Responses by Talia Cotton, designer and developer; Phil Cox, design and data; and Giorgia Lupi, information designer and partner, Pentagram.
Background: Plastic Air is a web-based interactive experience that vivifies a type of pollution most people don’t even know exists: airborne microplastic deposition, the result of ever-increasing global plastic production and consumption. The experience provides a lens through which to see and explore the invisible plastic particles in the atmosphere around us, and to consider the impact they have on our health and our environment.
Larger picture: Plastic Air was developed in collaboration with Google Arts & Culture and released to coincide with Earth Day 2021. Featured on Google Arts & Culture’s free app, the project is part of Heartbeat of the Earth, a series of online experiments by artists that interpret the planet’s data, launched by Google in collaboration with the United Nations Framework Convention on Climate Change.
Design core: In many ways, microplastics are quite an abstract problem; you literally cannot see them, which gives new weight to the phrase “out of sight, out of mind.” Unlike issues like climate change or waste disposal, there aren’t clear impacts you can point to that people intuitively understand. Shortly into the process, the design team realized the need to viscerally narrate the process of plastic disposition and make vivid for people that once plastic is in the air, it’s with us forever. We hit upon the idea of reconnecting these alien-looking microplastics to their actual source material, such as water bottles, nylon fabrics and car bumpers.
The experience consists of a speculative window onto a data-driven approximation of plastic particles that exist all around us but remain hidden to the naked eye. Users can drop identifiable objects, such as housewares and apparel, to “pollute” the sky and see how the items break down into the air. They can also adjust factors like location—cities versus rural areas, for example—and weather conditions, such as wind, rain and snow to see how these affect dispersal patterns.
Furthermore, a slide bar at the top of the page enables visitors to toggle between seeing and not seeing the particles. If they choose “don’t see,” the experiment presents the plastics in their more familiar forms—sometimes obvious and sometimes surprising—and invites viewers to inspect what they are made from. This second state shows these objects floating through the atmosphere, almost suggesting the absurdity—but driving home the urgency—of this type of pollution.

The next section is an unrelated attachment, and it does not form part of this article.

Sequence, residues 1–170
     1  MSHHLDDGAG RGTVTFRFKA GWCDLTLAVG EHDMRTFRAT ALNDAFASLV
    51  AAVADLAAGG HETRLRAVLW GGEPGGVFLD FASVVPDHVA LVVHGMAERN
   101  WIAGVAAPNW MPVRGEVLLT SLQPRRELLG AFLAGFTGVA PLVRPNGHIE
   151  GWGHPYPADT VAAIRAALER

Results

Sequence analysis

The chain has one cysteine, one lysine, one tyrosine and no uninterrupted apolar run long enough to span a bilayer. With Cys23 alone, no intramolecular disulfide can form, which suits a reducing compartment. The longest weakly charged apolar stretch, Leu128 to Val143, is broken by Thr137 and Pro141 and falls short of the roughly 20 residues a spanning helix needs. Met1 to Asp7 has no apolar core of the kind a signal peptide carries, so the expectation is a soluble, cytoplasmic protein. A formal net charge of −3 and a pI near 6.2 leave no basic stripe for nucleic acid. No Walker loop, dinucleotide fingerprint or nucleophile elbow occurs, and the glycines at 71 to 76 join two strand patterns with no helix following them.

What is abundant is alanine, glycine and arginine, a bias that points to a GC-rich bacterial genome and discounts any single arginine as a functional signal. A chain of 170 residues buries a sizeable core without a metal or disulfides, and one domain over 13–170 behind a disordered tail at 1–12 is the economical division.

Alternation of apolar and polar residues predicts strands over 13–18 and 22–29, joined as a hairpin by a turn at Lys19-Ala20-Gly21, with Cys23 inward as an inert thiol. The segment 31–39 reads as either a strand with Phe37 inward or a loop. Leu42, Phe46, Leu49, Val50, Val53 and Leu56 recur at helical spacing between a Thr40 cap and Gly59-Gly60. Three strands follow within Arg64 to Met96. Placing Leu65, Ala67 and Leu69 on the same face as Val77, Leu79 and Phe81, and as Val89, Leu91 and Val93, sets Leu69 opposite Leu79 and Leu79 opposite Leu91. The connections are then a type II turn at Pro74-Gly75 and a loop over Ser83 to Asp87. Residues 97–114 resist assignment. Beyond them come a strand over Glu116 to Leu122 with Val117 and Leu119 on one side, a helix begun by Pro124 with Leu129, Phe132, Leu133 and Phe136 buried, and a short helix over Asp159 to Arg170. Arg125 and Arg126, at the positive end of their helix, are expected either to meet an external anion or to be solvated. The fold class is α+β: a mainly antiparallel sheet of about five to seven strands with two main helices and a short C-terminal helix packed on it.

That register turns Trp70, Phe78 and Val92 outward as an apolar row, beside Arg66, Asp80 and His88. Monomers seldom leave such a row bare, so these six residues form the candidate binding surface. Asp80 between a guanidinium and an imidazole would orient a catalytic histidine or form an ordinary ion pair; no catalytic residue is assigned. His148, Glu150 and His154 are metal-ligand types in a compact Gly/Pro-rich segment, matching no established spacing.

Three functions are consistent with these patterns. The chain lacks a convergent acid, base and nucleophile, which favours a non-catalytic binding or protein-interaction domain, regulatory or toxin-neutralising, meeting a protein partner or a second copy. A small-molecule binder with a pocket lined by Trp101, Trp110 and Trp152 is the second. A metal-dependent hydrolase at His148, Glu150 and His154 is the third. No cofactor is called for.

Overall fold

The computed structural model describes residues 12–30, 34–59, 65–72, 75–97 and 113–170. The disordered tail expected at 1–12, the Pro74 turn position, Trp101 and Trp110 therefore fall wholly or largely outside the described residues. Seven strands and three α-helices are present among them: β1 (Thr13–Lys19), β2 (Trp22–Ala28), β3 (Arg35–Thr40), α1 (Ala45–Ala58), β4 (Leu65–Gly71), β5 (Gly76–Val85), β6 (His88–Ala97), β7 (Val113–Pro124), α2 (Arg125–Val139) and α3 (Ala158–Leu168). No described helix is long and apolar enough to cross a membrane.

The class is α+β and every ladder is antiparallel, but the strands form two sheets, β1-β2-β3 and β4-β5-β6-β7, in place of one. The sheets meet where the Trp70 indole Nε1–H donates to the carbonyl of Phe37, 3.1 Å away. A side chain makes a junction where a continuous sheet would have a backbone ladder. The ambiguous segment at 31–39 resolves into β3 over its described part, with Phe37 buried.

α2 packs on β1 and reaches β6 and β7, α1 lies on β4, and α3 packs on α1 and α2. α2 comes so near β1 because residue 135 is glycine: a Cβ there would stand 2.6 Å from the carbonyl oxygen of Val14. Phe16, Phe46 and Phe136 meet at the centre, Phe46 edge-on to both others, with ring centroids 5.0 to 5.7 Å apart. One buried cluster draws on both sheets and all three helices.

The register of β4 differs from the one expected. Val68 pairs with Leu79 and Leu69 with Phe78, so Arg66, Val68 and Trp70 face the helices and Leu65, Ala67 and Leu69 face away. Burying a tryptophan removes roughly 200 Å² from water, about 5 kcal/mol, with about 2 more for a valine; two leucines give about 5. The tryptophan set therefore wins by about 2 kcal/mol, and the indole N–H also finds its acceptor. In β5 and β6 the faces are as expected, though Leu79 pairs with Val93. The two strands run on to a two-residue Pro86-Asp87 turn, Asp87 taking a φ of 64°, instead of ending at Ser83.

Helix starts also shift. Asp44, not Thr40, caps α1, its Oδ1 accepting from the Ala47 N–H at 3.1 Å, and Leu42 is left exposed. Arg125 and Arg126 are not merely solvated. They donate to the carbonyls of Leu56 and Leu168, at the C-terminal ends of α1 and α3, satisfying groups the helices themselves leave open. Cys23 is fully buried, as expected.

New lessons: The challenge for designers was to create a visual experience based on something largely invisible. At the same time, microplastics are an emerging area of scientific inquiry and not much is known about them. A major component of the project was establishing a methodology for visualizing the problem and shaping various datasets with information that is still limited and speculative.
To begin, we interviewed several leading atmospheric researchers and referred to existing studies to identify datasets they could leverage in the experience. The concept hinged on a seen and unseen dichotomy: because microplastics are invisible to the naked eye, they go unnoticed despite their real impact on ecosystems and human health.
Navigation structure: The navigation was designed to be as unobtrusive as possible so as not to distract from the microplastic particles. Visitors can manipulate parameters via a dashboard at the left, which also includes a graphic key for the various particles as well as a console for adjusting their size and rate of dispersion. The real-world phenomenon of plastic air may be currently beyond our control, but these adjustments give viewers a sense of the type and scale of microplastics and the factors that go into their movement.
At the right, tabbed calls to action invite visitors to “Find Out More,” where they can read about how the site works and learn about the various microplastic particles and existing research; and “What Can I Do?,” which answers this difficult question in the most straightforward language possible.
Special technical features: The background image of the sky changes based on the time of day, and eagle-eyed viewers may notice that the frequency and quantity of microplastics also shifts according to busy hours, like the morning and evening commutes.